$ arm-none-eabi-g++ -DNEW=0 -std=gnu++11 -c -Os -o static-allocation.old.o static-allocation.cpp
$ arm-none-eabi-g++ -DNEW=1 -std=gnu++11 -c -Os -o static-allocation.new.o static-allocation.cpp
$ arm-none-eabi-size static-allocation.*.o
   text    data     bss     dec     hex filename
    124       4      16     144      90 static-allocation.new.o
    124       4      16     144      90 static-allocation.old.o



Instead of defining a global new operation we let those objects that are supposed
to be dynamically allocated to override the new operator. I created a base class
"CallocAllocator" that can be inherited, but there are multiple ways to achieve
the same.

This actually reduces the size. I didn’t investigate yet why and I think in the end
of a complete conversion on the codebase the size will actually fluctuate a little bit
up or down.

$ size  test-new-overide.*.o
   text    data     bss     dec     hex filename
    149       0       0     149      95 test-new-overide.new.o
    165       0       0     165      a5 test-new-overide.old.o


As of now I’m not seeing any drawbacks except the non-trivial amount of manual work
to do the conversion. In the end I think it will be much better though and I am pretty
confident coverity will also be happy with the changes, allowing us to make better use
of it.


Lucas De Marchi

thanks Lucas!

I think the test-new-override.cpp is missing in your post, I’ve linked it here:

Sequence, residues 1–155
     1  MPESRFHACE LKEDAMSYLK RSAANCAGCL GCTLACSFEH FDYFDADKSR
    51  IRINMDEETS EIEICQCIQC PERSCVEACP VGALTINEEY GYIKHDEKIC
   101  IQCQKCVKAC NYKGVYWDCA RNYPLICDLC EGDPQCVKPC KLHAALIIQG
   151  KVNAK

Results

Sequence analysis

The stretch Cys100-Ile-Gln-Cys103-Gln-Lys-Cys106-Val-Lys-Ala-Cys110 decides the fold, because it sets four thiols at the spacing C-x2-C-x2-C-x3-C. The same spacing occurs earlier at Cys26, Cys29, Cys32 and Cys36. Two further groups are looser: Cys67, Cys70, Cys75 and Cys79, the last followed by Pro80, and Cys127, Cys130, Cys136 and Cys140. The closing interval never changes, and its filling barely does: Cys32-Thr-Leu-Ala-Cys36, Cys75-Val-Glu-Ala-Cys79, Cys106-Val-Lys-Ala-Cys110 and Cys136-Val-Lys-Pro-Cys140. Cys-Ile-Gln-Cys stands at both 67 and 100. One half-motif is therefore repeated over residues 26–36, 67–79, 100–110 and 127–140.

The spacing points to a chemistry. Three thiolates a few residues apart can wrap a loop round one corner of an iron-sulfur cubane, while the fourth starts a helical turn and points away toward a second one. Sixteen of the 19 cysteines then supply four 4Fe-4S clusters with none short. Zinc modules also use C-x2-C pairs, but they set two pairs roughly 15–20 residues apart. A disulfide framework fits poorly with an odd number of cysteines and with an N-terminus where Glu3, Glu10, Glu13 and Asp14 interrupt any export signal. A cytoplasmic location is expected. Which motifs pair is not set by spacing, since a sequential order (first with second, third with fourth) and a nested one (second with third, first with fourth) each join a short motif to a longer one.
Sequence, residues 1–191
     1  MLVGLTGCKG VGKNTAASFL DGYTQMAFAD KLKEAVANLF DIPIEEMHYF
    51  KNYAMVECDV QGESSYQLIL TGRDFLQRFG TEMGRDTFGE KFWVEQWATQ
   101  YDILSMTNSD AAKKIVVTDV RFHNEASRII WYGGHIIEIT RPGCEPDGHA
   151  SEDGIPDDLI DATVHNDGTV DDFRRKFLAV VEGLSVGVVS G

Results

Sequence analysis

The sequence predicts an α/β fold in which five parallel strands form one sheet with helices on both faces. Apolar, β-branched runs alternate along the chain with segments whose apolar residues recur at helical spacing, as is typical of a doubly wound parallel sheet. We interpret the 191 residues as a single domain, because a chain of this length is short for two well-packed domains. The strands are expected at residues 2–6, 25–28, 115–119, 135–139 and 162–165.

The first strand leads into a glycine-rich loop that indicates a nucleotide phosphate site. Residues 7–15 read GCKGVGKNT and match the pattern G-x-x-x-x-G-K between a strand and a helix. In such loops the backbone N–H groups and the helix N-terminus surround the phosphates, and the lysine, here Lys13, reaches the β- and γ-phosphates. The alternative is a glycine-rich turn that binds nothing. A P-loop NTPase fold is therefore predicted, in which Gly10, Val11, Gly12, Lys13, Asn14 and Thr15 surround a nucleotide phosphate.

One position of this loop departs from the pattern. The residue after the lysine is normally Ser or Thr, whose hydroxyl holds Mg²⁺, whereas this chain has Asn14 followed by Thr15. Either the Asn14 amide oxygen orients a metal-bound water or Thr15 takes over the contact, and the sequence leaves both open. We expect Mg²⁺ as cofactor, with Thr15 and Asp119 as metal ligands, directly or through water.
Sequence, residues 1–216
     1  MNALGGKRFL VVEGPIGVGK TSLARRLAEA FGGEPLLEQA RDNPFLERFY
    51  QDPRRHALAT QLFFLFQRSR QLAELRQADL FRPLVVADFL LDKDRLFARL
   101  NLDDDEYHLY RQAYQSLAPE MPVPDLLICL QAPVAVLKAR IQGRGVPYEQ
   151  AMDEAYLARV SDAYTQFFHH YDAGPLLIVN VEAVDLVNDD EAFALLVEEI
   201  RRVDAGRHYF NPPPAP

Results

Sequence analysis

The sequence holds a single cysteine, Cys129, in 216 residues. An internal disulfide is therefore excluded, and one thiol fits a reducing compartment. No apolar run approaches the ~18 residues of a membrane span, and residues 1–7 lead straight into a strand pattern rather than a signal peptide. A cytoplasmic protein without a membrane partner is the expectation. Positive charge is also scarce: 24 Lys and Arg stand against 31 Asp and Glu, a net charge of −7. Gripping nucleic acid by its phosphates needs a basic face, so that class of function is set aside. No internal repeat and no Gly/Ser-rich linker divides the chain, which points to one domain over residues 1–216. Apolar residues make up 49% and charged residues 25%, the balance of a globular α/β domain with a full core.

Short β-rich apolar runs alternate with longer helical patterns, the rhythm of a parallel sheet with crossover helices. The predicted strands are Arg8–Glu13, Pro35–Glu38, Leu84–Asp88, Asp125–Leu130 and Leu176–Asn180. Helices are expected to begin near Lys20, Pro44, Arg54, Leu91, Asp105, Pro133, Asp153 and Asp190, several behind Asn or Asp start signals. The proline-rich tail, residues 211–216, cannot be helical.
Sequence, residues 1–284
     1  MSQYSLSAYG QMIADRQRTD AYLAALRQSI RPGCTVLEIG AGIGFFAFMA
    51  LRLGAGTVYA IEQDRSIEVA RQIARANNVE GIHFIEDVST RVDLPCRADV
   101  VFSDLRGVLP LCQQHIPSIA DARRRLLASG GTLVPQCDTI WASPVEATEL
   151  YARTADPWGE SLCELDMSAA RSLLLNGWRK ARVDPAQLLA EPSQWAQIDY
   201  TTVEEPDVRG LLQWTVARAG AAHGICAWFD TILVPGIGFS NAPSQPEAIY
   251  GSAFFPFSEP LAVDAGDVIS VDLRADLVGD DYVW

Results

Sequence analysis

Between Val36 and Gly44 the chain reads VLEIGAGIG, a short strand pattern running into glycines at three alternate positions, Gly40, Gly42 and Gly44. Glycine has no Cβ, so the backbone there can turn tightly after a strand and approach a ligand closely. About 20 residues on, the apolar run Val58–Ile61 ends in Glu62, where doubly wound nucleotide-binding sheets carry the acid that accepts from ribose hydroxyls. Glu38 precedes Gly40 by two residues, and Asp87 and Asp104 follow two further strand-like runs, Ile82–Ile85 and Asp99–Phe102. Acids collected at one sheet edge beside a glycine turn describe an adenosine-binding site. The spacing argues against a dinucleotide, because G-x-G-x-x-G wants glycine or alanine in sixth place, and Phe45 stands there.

I think this is an interesting approach. The really annoying thing about this problem is that gcc is supposed to put zero-initialised variables in the bss already, and there is an option for it to not do that with -fno-zero-initialized-in-bss

For some reason that doesn’t seem to work. I’ve just done a few experiments, and it looks like it does work correctly for simple test cases. Maybe there is something about our build environment that is preventing zero data from going in the bss?

I just tried zeroing some variables in the AP_AdvancedFailsafe class, and it increased text size. Ahh, I guess it has to work that way. If you initialise a variable in a class then it has to add code to the constructor, as it will need to run it when declared on the stack. That increases flash size.

So your approach just makes this more efficient, as instead of having code to initialise each variable separately in the constructor it just calls the parent new in CallocAllocator.

ok, I think this makes sense to me. I assume we would hide it a bit more so it wouldn’t be so intrusive in the code?

humn… BSS is zeroed. Either on the binary (flash) or when kernel maps the process memory it zeroes out that pages. When generating the code for the constructor the compiler doesn’t no there will never be an object initialized on heap or stack, so it does need to generate code to set them to zero. The linker could no that, but I don’t think it is implemented.

Not sure I like to hide it. It makes more verbose but it also forces people to think if that object will be on stack, heap or bss. Just inheriting from CallocAllocator or providing a static method for static initialization I think is a good compromise.

This is far from my expertise … But from my point of view improving our compatibility with analysis tool is good. My only consern is about usability for new user or normal user that don’t ask themself too much question about coding. I mean that this will need to be documented, so everyone can understand why we are doing that, and be simple to use !